Saturday, August 22, 2020


A tweet by Frank Verstraete, Physics Professor at the University of Ghent, Belgium, and specializing in the application of quantum entanglement which may one day lead to quantum computers, caught my eye:

And indeed:

The BEC will be realized under the auspices of Dr Karel Van Acolyen, of the UGhent's Physics and Astronomy Department.

Matter can exist in a number of states, of which solid, gas, and liquid are the most common and the only stable ones are. There's plasma, observable in everyday life when we see for example a welding arc, and there are very exotic states of matter such as neutron-degenerate matter (which occurs in a situation of extreme density), and quark–gluon plasma (extremely high energy).

And then there is a seventh state of matter, a Bose-Einstein condensate.

The lowest possible temperature is minus 273.15 degrees Centigrade. Zero Kelvin. When atoms are cooled to within a whiff of that, they clump together and can hardly move relative to each other. They enter the same energy state and, from a physical POV, the bunch of atoms starts behaving as if it were a single atom. A Bose-Einstein condensate has been created.

Some background here:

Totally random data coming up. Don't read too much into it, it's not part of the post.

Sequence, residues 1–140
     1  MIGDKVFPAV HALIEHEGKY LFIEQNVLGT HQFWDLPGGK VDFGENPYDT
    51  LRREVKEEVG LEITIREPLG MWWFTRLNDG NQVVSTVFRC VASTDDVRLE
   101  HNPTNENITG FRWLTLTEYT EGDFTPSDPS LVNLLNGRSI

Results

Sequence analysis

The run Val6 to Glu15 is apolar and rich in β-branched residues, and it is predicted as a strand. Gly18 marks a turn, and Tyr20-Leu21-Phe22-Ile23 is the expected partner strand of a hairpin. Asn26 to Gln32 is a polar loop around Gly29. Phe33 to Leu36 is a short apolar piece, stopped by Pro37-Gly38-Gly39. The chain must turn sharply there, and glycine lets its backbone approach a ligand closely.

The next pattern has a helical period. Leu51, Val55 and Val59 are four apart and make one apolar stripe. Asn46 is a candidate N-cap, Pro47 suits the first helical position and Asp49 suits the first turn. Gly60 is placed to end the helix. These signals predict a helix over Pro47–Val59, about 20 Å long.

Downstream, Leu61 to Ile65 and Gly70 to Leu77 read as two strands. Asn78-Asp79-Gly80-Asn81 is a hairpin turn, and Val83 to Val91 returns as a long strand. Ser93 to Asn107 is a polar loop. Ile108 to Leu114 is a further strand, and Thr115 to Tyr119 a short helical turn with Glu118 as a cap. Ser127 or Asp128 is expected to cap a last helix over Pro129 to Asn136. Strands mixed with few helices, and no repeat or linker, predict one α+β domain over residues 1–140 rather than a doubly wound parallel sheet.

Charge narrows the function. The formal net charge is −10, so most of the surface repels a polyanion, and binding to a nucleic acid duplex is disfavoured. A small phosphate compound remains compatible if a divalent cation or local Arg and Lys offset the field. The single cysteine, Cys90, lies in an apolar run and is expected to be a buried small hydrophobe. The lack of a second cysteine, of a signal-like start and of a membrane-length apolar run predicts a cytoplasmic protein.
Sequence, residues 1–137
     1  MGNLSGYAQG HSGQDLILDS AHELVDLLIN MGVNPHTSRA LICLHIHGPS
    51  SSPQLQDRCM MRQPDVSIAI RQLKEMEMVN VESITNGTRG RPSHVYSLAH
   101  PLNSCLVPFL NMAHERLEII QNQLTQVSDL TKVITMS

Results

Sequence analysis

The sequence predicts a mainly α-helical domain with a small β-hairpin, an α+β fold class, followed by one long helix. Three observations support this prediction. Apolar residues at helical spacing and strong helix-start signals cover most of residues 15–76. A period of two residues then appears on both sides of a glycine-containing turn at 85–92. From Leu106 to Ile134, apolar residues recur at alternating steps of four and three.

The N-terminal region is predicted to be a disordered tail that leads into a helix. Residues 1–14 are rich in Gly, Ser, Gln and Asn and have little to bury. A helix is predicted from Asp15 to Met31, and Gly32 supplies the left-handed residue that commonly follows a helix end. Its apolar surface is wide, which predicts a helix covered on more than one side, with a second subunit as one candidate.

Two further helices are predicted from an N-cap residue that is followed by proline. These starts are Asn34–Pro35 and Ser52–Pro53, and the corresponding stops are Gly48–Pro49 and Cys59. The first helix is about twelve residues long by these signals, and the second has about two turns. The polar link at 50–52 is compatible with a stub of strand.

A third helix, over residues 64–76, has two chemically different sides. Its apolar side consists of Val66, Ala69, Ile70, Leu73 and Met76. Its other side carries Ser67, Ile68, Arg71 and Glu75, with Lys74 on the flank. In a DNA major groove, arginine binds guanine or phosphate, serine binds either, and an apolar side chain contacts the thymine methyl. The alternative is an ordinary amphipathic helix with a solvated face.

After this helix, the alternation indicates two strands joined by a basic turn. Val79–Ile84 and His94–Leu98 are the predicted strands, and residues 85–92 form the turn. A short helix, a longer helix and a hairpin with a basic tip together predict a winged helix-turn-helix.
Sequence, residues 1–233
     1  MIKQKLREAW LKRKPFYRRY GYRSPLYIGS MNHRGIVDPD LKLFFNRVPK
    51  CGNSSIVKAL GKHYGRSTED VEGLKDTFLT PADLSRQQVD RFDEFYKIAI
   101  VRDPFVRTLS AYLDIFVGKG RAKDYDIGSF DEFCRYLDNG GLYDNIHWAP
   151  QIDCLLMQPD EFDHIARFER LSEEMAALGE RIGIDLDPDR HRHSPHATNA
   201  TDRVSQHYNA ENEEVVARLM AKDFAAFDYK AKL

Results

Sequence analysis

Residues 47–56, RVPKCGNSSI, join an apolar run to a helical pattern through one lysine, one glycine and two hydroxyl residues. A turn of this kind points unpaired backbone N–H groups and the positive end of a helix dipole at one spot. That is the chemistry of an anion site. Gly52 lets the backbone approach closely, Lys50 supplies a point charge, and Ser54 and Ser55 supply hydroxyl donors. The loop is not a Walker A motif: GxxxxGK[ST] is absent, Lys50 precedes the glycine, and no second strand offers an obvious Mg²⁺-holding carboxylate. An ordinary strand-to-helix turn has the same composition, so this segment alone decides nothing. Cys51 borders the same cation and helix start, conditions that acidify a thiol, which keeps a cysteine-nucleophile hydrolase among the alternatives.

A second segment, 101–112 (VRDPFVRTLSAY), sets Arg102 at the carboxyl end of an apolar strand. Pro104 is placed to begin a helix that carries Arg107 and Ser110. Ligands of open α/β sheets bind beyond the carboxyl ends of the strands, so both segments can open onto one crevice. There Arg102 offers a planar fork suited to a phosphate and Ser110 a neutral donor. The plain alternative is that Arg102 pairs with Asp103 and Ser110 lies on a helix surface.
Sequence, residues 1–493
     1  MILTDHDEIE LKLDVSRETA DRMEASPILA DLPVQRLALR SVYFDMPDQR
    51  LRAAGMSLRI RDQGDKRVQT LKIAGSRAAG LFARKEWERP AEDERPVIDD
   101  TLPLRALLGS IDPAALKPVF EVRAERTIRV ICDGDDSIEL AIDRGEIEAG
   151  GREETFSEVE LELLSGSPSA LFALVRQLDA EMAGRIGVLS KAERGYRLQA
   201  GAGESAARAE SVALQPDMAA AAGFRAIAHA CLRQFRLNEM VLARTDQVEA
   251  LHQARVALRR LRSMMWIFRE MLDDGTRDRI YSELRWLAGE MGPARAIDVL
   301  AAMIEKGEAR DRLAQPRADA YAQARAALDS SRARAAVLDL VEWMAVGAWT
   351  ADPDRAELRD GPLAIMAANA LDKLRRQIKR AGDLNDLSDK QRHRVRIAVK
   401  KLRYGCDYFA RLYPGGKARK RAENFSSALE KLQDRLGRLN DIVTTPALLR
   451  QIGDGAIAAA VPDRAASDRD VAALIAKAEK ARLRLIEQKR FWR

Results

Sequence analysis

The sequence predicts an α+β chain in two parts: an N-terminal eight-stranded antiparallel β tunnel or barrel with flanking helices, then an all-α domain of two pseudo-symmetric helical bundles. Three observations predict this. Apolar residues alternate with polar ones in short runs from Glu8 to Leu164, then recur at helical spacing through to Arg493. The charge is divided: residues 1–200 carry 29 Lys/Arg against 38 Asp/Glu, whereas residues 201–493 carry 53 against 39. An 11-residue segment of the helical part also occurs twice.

"On 14 July 1995 a paper in Science reported the first observation of the exotic state of matter predicted in the 1920s by Satyendra Nath Bose and Albert Einstein in an ultracold gas of rubidium atoms. It was the culmination of over a decade of refinement of atom cooling and trapping technologies. It was also one of the occasions when news pieces could be titled ‘Einstein was right’. In fact, Einstein was wrong. In a 1925 paper, building on Bose’s ideas, Einstein developed a quantum theory to describe a monoatomic ideal gas, but concluded that the theory provided a paradox because it predicted a state with indistinguishable particles occupying the same volume. “But, this appears to be as good as impossible,” Einstein wrote on the last line of his paper. A Bose–Einstein condensate (BEC), as the collective low-energy state of bosons has come to be known, is very much possible and has been found to exist not only in ultracold atomic gases, but also at higher temperatures in materials hosting bosonic quasiparticles such as magnons, excitons and polaritons. The first BEC, made of 87Rb atoms, was reported by Eric Cornell and Carl Wieman’s team at JILA. A few months earlier they had broken the temperature record in atom cooling, reaching 200 nK. The feat was possible thanks to a so-called time-orbiting potential trap providing a deep enough confinement to allow evaporative cooling (the process of letting hot atoms leave the trap) without losing too many atoms. The JILA team cooled the atoms further down to 20 nK, but already at 170 nK they started to see the first unmistakable signatures of the Bose–Einstein condensation among which is the narrow peak in the velocity distribution of the atoms (pictured). A few months later Wolfgang Ketterle and colleagues made the first sodium BEC. In 2001, Cornell, Wieman and Ketterle shared the Nobel Prize in Physics. Despite the recognition of the discovery it was unclear what BECs were good for. In the early 2000s on an educational website called ‘Physics 2000’ created and originally hosted by the University of Colorado, the question was answered in a digestible way. Imagine you are someone who has never seen ice before, it would take a while before you would realize that it can be used to make ice cream. BEC ice cream comes in many surprising flavours. “Quantum mechanics rules over the physics in two regimes: the very cold, and the very small. Insights derived from one regime can apply in the other,” notes Cornell. Over the past 25 years BECs have been the workhorse of ultracold atomic gas experiments, advancing our understanding of quantum many-body phenomena through quantum simulation (see also the Technical Review in this issue). They enabled the study of exotic systems such as the emission of Hawking radiation from an analogue event horizon and fundamental tests of quantum mechanics with macroscopic superposition states. BECs have also been used to create atom lasers, atomic clocks and gravitational, rotational or magnetic sensors with excellent sensitivity. In terms of the experimental techniques, making atomic BECs in the lab has become routine. Today there are commercial table-top BEC systems available and there are compact systems that can be used for portable sensors or free-fall experiments. The next stage of such experiments was reported in a paper published last month: the first BEC made in space in the Cold Atom Laboratory on board the International Space Station. “it predicted a state with indistinguishable particles occupying the same volume. “But, this appears to be as good as impossible”” The first BEC experiments 25 years ago led to many unexpected directions in terms of both the science and applications. The field of ultracold atomic gases has been expanding ever since with no sign of slowing down. As Ketterle put it “maybe the best is yet to come”."